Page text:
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mastermindreader
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Actually, Looch, Ken's critiques at the PEA's annual MOTM were a regular feature for many years. They were, for many, one of the highlights of the event.

But the "Meetings of the Minds" were never actually "infamous". Where'd you get that idea? (Well, excerpt for some of Andruzzi's exploits and the time Dennis Marks and I ... never mind)
Looch
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Thanks for adding more detail to my mental picture Bob....I never knew it was a regular feature!

As for "Infamous" its just a little something ive heard from people ;-) nothing negative, souds like theres been some good times at those meetings Smile
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mikesmithmagic
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I love this book. As previous posted by other members, it is the best book of it's kind for me. I have learnt so much from the pages of this valuable guide. My performance ability has improved a great deal since reading it. Ken is absolutely spot on.
"I seriously love the disarming flexibility of Mick Wilson's SDP...one of those rare card-handling procedures that exemplifies the concept of 'why run when no one is chasing you'. SDP is an open-handed utility tool that conjurers will use to great advantage when creating new effects in the years to come."

Mick Ayres, South Carolina, 2016
KWEBER
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A friend suggested I come on over here to see this thread. It made for fun reading … until I got to Mr. Lewis.

Oh well. Thousands of copies of the book have been sold (basically all through word-of-mouth), so if I managed to please 99%, that remaining 1% will mean there are dozens of dissenters like Mr. Lewis!

First, a big THANK YOU for all the amazingly kind words that were said, in this thread and in many other places on the Café going back to 2003.

Next, against my better judgment, I will attempt to respond, briefly, to Mr. Lewis. My job in writing the book was to provide the best information possible to the reader, not to make friends. Perhaps my New York brashness rubbed some the wrong way, but I am passionate about our craft and I do what I can to make it better.

Yes, I could have written in generalities, but I quickly realized that by being intensely specific I could make my points in a far more targeted and effective manner. And in fact, from the very first reviews and comments, it was clear that I made the correct decision.

As for whether I am a good performer or not – that’s irrelevant to the information provided. It’s either useful on its own, or it isn’t. The kind comments posted on this thread, and many hundreds more elsewhere, indicate that the two years I spent writing the book were not in vain. (And if you must know, I was very successful as a performer.)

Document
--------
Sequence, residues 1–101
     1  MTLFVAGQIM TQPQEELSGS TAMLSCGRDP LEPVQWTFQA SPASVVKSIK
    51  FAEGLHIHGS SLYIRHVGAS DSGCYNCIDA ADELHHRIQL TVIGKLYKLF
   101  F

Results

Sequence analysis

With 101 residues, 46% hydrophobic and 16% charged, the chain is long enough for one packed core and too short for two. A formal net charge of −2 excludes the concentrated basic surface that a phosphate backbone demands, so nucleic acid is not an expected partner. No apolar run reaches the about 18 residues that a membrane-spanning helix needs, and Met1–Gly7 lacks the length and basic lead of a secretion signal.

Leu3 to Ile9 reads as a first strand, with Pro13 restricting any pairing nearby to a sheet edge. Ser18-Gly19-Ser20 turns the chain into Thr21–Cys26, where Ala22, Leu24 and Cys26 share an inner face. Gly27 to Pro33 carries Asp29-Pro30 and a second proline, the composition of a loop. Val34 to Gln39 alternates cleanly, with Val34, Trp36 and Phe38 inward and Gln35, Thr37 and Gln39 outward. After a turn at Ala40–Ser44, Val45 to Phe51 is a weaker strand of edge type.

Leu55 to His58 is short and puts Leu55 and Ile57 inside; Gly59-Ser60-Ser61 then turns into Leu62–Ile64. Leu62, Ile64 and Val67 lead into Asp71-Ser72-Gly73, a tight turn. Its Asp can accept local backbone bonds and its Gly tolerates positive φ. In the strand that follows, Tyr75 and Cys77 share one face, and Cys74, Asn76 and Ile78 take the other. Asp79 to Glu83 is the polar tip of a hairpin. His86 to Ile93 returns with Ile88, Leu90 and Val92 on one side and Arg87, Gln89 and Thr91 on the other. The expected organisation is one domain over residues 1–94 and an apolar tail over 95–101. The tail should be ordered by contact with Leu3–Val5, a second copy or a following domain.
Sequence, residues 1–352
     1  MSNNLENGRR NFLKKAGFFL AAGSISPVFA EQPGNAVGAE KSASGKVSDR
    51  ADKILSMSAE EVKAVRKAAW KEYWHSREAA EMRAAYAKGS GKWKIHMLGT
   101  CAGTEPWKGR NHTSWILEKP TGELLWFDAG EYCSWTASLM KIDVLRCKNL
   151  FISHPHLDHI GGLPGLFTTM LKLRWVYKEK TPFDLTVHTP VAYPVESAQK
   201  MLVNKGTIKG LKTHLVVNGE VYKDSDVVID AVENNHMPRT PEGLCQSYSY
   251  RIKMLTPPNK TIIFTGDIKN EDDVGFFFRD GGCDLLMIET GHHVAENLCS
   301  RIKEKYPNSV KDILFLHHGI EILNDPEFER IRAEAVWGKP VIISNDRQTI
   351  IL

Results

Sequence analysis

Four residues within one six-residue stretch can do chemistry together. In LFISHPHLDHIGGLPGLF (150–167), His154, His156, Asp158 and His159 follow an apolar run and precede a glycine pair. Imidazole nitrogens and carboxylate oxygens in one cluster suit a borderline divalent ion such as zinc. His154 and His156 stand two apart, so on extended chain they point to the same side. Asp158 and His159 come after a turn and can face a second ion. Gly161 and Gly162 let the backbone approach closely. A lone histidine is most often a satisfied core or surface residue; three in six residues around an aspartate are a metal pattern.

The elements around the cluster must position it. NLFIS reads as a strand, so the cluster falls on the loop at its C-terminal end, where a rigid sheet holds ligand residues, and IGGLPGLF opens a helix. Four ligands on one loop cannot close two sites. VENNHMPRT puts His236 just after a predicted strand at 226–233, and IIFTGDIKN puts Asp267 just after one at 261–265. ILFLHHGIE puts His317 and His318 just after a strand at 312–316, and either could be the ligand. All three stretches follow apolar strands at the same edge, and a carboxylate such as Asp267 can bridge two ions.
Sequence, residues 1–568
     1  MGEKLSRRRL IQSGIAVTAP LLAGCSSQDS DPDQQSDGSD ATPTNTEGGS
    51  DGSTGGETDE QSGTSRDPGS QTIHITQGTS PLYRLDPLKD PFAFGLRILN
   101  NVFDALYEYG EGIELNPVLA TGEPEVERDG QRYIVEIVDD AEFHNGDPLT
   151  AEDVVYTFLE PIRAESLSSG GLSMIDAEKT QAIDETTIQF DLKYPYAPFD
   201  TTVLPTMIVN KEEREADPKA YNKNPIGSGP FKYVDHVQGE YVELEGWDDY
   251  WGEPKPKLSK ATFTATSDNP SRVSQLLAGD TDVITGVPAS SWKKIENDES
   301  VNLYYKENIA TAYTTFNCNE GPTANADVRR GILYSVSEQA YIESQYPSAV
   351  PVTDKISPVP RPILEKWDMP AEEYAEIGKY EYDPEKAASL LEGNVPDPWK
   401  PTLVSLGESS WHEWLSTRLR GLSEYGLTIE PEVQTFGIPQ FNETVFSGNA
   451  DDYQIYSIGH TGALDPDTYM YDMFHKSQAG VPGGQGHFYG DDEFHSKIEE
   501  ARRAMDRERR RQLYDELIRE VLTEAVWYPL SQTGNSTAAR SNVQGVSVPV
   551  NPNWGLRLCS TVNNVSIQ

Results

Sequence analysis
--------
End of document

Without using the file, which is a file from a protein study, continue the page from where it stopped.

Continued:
Now, getting back to the positive comments for a moment…

When I wrote the book I was virtually unknown in the magic community (that’s true of many full-time pros – they don’t have time to go to conventions or do lectures). Now, as a direct result of the book, I have friends around the world! And the wonderful comments posted here in the past few days, from a few of those new friends (and a couple of OLD friends – I’m looking at you, Cassidy), mean more to me than you can imagine.

Thanks again, guys.
Ken
Steve Suss
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I was very happy during the recent Ted Karmilovich lecture at Tannens to tell Ken Weber in person what I thought of his book. It is not only the best book of its kind but has done more for my perfomances than any other magic or mentalism book that I have ever read in my 50 years of performing. Would love for him to write a few more.

Steve
mastermindreader
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Ken-

I'm not THAT old!

:eek:

Bob
*Mark Lewis*
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I am a REAL psychic and got a vibe that Mr Weber would be here to defend himself. I see that I am correct as usual. Yes. New Yorkers are indeed brash or perhaps another more realistic word is rude. I have just been arguing with the rudest of them all on another thread. But then I am brash, rude and blunt myself so I suppose that makes us even. I do, however, think it is important for the credibility of someone who advises on how to present maximum entertainment to be somewhat expert in the matter himself. And Mr Weber agrees with this too and explains that this is why he devoted several pages at the beginning of the book explaining how wonderful he was. Presumably if the contents were "useful on their own" this wouldn't be necessary. And in fact he actually mentions this in the book.